December 11 2013 Latest news:
By Joseph Watts
Friday, November 30, 2012
THE Ipswich tidal barrier has been highlighted by the Treasury as a project which could attract funding from a new £60m government cash-pot.
Chief Secretary to the Treasury Danny Alexander yesterday announced a total of £120m which he said would strengthen flood defences around the country, in order to protect homes and businesses in areas of high risk.
The first £60m will be handed to the Environment Agency to distribute. Meanwhile the second £60m will be targeted at flood defence projects which would particularly help boost economic growth.
Officials from the Treasury told the East Anglian Daily Times that the Ipswich tidal barrier was the sort of scheme they would expect could benefit from some funding in the second pot, as it would deliver “growth potential” as well as mitigating flood risk.
The scheme, costing £54m in total, would see a tidal barrier built to protect 1,600 homes and 240 commercial properties in the town centre against significant flood risk, as well as allowing derelict waterside land to be redeveloped.
The announcement comes amid clean-up operations across the UK in the aftermath of the recent flooding which devastated communities in the South West, Midlands, Wales and North East.
Mr Alexander said: “The damage to so many households and businesses this week from the severe flooding seen across the country has been devastating.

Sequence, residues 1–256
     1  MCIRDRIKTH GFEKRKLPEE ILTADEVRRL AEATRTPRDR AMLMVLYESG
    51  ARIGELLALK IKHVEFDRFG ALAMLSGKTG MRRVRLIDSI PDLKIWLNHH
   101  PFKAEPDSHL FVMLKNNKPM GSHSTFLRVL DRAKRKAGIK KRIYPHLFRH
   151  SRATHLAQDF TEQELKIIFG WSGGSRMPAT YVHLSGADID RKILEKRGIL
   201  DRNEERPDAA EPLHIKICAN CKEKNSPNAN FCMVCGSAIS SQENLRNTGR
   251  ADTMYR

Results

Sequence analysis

“This £120m boost to flood defences will accelerate improved flood protection for up to 60,000 homes and deliver much needed help to flood-threatened businesses across the country”
The exact mechanism through which Ipswich Council can apply for the funding will be set out in further detail in the autumn statement which is due to be made by the chancellor on Wednesday.
But Labour’s shadow environment secretary Mary Creagh said: “This year’s floods have shown how short-sighted the government was to cut investment in flood defences by £95m a year, leaving homes and businesses unprotected.
“Flooding is the biggest threat the UK faces from climate change, yet even after today’s mini U turn the government will still be spending less on flood defences next year than in 2008.”
Ipswich MP Ben Gummer has been leading the fight for the flood defences, and was delighted at the news.
He said: “This is really fantastic. It will protect the town from the dangers of climate change and the risks of flooding for many many years.”
Mr Gummer said the news was especially satisfying, because it meant he had achieved what he had aimed at during his first term as MP.
He said: “When I was elected I pledged to fight for five major projects for the town: new schools for Holywells and Chantry, the new rail chord, the Travel Ipswich project, and the flood defences. This is the fifth of those.”